Online Program

Alaska's Community Health Workers Speak Out About Digital Storytelling as a Community Engagement Tool

Wednesday, November 4, 2015 : 12:50 p.m. - 1:10 p.m.

Melany Cueva, RN, EdD, Community Health Aide Program, Alaska Native Tribal Health Consortium, Anchorage, AK
Katie Cueva, MAT, MPH, Department of Social and Behavioral Sciences, Harvard T.H.Chan School of Public Health, Boston, MA
Laura Revels, BA, Community Health Services, Alaska Native Tribal Health Consortium, Anchorage, AK
Regina Kuhnley, RN, CNM, M.Ed, Community Health Services, Alaska Native Tribal Health Consortium, Anchorage, AK
Mark Dignan, PhD, MPH, College of Medicine/Prevention Research Center, University of Kentucky, Lexington, KY
Anne Lanier, MD, MPH, Alaska Native Tribal Health Consortium, Anchorage, AK
Alaska’s village-based Community Health Workers (CHWs) requested cancer information for themselves and their communities. An innovative health messaging tool, digital storytelling combines oral storytelling traditions with computer-based technology to provide a creative and engaging way for CHWs to tell their stories and pass on knowledge to support community wellness. Digital storytelling is portable and accessible using web technologies and social media outlets.

Methods: To explore digital storytelling as a tool for health messaging, creating digital stories was included in four, 5-day cancer education courses (March-October 2014).  Thirty CHWs, regardless of computer skills, each successfully created a digital story using free software. CHWs tracked their digital story showings for one month, and completed; end-of-course written evaluations, 2-3 month post-course interviews, and a 6 month internet survey.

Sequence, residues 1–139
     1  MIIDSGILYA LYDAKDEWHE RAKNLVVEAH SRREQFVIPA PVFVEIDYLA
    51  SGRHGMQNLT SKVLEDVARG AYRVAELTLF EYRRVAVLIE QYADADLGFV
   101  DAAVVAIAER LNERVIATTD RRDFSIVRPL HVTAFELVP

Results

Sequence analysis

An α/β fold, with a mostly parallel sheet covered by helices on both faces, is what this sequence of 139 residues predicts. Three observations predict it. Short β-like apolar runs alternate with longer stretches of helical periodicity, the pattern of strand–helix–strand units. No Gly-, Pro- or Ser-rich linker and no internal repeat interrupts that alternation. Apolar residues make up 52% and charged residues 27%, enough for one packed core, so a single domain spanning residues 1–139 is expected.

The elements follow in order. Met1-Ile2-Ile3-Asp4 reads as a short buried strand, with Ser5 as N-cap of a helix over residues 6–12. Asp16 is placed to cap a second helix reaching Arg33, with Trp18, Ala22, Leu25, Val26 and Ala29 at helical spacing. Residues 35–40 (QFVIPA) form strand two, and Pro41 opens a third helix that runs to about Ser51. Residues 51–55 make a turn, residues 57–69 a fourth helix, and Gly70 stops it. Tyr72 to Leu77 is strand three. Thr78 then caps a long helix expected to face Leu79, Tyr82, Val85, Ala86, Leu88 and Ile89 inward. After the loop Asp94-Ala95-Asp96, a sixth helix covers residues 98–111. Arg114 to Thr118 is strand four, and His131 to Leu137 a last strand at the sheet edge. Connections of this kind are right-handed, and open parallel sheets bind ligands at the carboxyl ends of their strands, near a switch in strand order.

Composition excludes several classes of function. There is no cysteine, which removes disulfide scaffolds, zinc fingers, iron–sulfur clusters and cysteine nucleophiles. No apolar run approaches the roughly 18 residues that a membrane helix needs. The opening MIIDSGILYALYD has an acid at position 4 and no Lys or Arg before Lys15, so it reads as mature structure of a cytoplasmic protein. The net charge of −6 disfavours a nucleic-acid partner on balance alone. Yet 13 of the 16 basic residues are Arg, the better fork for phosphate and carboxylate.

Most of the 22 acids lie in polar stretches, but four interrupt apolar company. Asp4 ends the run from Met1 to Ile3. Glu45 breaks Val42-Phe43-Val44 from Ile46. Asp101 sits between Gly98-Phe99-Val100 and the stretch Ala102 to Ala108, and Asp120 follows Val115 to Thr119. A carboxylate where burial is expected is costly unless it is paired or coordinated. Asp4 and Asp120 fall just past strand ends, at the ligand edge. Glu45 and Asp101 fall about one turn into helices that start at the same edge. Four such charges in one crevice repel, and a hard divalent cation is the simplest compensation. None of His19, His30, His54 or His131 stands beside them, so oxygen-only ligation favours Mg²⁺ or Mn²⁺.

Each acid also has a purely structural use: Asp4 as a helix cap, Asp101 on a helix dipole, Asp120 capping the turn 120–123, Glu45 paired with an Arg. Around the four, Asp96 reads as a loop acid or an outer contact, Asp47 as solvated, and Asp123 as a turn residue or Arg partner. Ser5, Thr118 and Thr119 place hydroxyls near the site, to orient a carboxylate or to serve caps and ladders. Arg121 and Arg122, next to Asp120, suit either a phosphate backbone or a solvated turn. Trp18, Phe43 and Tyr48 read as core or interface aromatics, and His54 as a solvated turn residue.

Results: CHWs reported increased confidence to share health information with family, friends, and clients. Creating digital stories gave CHWs a culturally relevant and meaningful tool to promote community wellness. Within one month, CHWs had collectively showed their stories over 57 times to over 959 viewers. Almost all (97%) of CHWs reported they felt more knowledgeable about sharing cancer information.  CHW comments illustrated their new-found comfort and commitment to talking about cancer: “I was never comfortable talking about cancer with family/patients. It's a hard subject. But I realize I really want my family/friends/people in my community around longer. I'm more comfortable talking about it now.”

Learning Areas:

Communication and informatics
Diversity and culture
Public health or related education

Learning Objectives:
Discuss digital storytelling as a culturally relevant health-messaging tool Describe CHWs’ increased confidence and commitment to share health information as a result of creating digital stories

Keyword(s): Health Promotion and Education, Native Americans

Presenting author's disclosure statement:

Qualified on the content I am responsible for because: I have worked with the project team on cancer education with, and for, Alaska's community health aides since 2008. My scientific interests include social determinants of health and culturally appropriate approaches to wellness.
Any relevant financial relationships? No

I agree to comply with the American Public Health Association Conflict of Interest and Commercial Support Guidelines, and to disclose to the participants any off-label or experimental uses of a commercial product or service discussed in my presentation.